Commit 11925d92 authored by David Hrbáč's avatar David Hrbáč
Browse files

Merge branch 'module_matrix' into 'master'

Module matrix

See merge request !78
parents 816c986f beb9a4d3
Pipeline #1912 passed with stages
in 5 minutes and 24 seconds
......@@ -17,7 +17,7 @@ two spaces:
allow_failure: true
script:
- echo "== Files having more than one space betwee two characters =="
- find docs.it4i/ -name '*.md' -exec grep "[[:alpha:]] [[:alpha:]]" -l {} +
- find docs.it4i/ -name '*.md' -exec grep "[[:alpha:]] [[:alpha:]]" -l {} + || true
capitalize:
stage: test
......
......@@ -48,7 +48,7 @@ To check whether your proxy certificate is still valid (by default it's valid 12
To access Anselm cluster, two login nodes running GSI SSH service are available. The service is available from public Internet as well as from the internal PRACE network (accessible only from other PRACE partners).
#### Access from PRACE network:
#### Access From PRACE Network:
It is recommended to use the single DNS name anselm-prace.it4i.cz which is distributed between the two login nodes. If needed, user can login directly to one of the login nodes. The addresses are:
......@@ -68,7 +68,7 @@ When logging from other PRACE system, the prace_service script can be used:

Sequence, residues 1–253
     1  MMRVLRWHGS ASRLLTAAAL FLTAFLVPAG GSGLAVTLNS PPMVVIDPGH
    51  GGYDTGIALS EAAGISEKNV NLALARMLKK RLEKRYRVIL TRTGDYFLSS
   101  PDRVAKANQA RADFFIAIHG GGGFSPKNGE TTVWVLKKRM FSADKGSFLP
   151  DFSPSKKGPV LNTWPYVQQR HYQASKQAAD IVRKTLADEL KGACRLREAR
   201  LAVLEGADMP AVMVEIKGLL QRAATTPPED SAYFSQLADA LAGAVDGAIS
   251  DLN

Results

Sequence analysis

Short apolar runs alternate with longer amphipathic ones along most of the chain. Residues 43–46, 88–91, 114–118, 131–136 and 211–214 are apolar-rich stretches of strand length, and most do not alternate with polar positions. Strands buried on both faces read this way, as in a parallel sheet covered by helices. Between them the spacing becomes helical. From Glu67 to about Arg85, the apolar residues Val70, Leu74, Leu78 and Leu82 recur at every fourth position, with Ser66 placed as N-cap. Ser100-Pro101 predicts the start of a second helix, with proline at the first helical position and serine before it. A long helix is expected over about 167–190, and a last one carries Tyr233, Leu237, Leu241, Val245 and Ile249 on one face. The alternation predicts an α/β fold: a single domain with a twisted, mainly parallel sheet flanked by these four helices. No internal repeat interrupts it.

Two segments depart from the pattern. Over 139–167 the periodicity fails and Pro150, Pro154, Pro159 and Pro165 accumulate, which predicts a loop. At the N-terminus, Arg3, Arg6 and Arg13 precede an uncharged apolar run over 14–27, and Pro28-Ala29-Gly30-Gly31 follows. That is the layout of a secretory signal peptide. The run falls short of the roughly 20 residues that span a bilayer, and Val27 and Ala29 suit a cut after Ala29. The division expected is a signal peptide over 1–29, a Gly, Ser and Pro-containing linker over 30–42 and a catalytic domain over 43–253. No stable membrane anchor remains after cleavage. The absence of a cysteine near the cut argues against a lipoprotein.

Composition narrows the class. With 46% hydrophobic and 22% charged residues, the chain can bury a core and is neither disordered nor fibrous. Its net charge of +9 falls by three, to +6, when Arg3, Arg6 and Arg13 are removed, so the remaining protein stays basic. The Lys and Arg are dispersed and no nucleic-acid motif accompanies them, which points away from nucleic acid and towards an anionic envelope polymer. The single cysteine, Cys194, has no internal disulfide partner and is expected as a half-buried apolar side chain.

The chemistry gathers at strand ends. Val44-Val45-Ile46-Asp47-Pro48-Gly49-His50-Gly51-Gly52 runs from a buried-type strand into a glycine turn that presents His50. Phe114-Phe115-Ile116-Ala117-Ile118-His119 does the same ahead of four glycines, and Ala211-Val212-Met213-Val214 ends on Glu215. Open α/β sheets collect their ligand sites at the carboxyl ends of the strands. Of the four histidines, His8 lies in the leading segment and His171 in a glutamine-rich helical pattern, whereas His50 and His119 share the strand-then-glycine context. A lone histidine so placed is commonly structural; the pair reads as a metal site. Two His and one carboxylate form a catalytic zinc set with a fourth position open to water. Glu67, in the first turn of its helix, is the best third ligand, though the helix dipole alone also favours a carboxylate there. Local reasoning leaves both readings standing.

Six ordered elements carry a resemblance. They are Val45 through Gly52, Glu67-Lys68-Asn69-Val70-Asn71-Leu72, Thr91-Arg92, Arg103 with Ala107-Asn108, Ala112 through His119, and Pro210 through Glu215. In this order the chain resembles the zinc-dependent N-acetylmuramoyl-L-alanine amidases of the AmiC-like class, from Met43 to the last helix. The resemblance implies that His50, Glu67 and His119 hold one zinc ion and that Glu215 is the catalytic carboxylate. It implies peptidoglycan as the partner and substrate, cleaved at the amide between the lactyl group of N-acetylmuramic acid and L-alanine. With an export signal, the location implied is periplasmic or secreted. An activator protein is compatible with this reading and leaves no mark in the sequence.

$ gsissh `prace_service -i -s anselm`
```
#### Access from public Internet:
#### Access From Public Internet:
It is recommended to use the single DNS name anselm.it4i.cz which is distributed between the two login nodes. If needed, user can login directly to one of the login nodes. The addresses are:
......@@ -122,7 +122,7 @@ Apart from the standard mechanisms, for PRACE users to transfer data to/from Ans
There's one control server and three backend servers for striping and/or backup in case one of them would fail.
### Access from PRACE network
### Access From PRACE Network
| Login address | Port | Node role |
| ---------------------------- | ---- | --------------------------- |
......@@ -155,7 +155,7 @@ Or by using prace_service script: